What You Should Know
Hygrophorus lucorum is a species of fungus belongs to the group Basidiomycota. It is recognized by its bell-shaped or broadly conical shape and yellowish cap color.
First described by Károly Kalchbrenner in 1874. Hygrophorus lucorum belongs to the genus Hygrophorus, and is related to Hygrophoraceae.
It is edible but with low culinary value. Used after 5 minutes of boiling, boiled, fried, marinated.
Other names: Larch Woodwax.
Hygrophorus lucorum Mushroom Identification
2 - 6 cm in diameter, initially bell-shaped or broadly conical, later convex-spreading, flat-spreading, sometimes concave in the middle, with a lowered edge. The surface of the cap is smooth, sticky, mucous, lemon-yellow, yellowish, lighter at the edges, with remnants of the cover at the edges.
The plates are thin, thick, low on the leg, first whitish, yellowish, later yellow.
7 - 10 * 4 - 6 microns, elliptical, with a smooth surface, colorless.
3 - 9 cm high, 0.4 - 1 cm in diameter, thin, cylindrical, often curved, first solid, later hollow, white-fibrous, white-floury at the top, whitish or yellowish.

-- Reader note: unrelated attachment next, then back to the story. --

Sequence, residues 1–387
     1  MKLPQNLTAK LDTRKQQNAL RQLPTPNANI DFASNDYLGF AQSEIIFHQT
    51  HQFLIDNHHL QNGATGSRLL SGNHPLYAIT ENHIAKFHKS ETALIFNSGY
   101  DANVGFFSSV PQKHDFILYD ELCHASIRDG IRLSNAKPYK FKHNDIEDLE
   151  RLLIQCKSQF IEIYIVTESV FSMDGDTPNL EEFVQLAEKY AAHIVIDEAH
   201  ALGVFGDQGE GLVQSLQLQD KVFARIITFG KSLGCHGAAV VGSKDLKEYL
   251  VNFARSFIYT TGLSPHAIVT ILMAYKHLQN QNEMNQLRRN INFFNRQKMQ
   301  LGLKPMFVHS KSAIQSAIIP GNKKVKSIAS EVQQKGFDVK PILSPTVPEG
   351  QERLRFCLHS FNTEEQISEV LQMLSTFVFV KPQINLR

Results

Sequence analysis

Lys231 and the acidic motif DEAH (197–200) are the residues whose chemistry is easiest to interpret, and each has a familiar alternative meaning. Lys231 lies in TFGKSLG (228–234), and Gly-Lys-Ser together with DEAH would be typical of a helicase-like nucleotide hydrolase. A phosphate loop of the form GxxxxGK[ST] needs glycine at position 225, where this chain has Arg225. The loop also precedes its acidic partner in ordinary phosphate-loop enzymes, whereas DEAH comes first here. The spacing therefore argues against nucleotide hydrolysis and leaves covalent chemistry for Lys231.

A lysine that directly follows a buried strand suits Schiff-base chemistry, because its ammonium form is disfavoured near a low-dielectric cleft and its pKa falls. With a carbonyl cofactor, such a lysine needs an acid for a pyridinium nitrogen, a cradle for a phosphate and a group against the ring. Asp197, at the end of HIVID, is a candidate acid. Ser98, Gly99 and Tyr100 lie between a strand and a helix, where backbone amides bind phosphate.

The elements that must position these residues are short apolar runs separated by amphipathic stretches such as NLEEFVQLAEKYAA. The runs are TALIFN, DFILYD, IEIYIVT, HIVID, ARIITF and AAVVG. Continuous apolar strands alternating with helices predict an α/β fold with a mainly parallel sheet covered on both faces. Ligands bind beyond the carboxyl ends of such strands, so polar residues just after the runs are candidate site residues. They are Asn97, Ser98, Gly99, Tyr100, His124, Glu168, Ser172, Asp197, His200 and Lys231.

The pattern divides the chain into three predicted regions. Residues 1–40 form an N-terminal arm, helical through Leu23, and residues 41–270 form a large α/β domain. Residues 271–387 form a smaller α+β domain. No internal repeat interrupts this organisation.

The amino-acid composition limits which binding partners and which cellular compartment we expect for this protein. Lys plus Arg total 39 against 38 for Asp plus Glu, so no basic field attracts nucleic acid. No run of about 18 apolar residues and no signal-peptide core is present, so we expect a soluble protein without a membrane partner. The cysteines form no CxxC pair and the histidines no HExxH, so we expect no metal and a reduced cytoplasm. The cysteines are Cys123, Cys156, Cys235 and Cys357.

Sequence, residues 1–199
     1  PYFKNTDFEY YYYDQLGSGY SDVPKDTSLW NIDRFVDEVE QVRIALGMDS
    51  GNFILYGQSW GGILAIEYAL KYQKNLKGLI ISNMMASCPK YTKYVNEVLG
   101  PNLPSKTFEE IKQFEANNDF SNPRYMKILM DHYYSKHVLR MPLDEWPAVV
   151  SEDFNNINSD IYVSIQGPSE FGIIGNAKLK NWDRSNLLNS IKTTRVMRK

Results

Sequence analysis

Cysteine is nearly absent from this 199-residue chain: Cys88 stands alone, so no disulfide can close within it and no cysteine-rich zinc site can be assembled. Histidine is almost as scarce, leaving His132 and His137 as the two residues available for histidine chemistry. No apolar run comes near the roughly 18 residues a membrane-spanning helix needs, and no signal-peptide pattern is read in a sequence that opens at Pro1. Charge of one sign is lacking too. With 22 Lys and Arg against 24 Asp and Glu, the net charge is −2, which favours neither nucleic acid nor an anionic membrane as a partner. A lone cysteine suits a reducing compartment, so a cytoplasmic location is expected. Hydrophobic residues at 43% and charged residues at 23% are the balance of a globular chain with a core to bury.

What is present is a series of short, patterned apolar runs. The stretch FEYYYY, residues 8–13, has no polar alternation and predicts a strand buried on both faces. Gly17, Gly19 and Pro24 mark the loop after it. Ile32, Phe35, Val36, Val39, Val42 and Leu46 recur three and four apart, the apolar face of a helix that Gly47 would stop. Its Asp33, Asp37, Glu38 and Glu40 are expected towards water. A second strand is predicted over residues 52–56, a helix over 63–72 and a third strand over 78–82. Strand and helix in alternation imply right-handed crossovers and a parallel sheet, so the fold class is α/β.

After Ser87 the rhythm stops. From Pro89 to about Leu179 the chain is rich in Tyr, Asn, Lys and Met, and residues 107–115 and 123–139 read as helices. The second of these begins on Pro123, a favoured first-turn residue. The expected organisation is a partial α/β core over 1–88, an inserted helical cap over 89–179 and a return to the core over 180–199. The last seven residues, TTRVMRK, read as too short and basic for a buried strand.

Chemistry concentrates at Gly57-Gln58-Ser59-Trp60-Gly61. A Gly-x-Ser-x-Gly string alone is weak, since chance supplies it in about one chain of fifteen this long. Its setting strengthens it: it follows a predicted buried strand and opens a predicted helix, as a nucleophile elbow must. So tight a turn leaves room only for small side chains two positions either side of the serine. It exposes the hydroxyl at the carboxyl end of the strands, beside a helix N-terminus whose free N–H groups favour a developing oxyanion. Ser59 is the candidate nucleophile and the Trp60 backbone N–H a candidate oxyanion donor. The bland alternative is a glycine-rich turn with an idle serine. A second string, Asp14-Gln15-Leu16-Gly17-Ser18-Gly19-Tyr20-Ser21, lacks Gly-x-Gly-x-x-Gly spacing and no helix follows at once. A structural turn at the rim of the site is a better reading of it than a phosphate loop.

The flesh is soft, light, yellowish in the stalk and under the skin, without a pronounced odor.
Grows from August to late November, in coniferous larch and pine forests, among moss, alone and in groups, forms mycorrhizae with pines and larch.
Hygrophorus lucorum Synonyms
Limacium lucorum (Kalchbr.) P. Hennings, 1898
Tricholoma luteocitrinum Rea, 1909
Hygrophorus luteocitrinum Rea, 1909
Hygrophorus lucorum amethysteus Candusso, 2008
Photo 1 - Author: Jerzy Opioła (Creative Commons Attribution-Share Alike 3.0 Unported)
Photo 2 - Author: Holger Krisp (Creative Commons Attribution 4.0 International)
Photo 3 - Author: Jerzy Opioła (Creative Commons Attribution-Share Alike 3.0 Unported)
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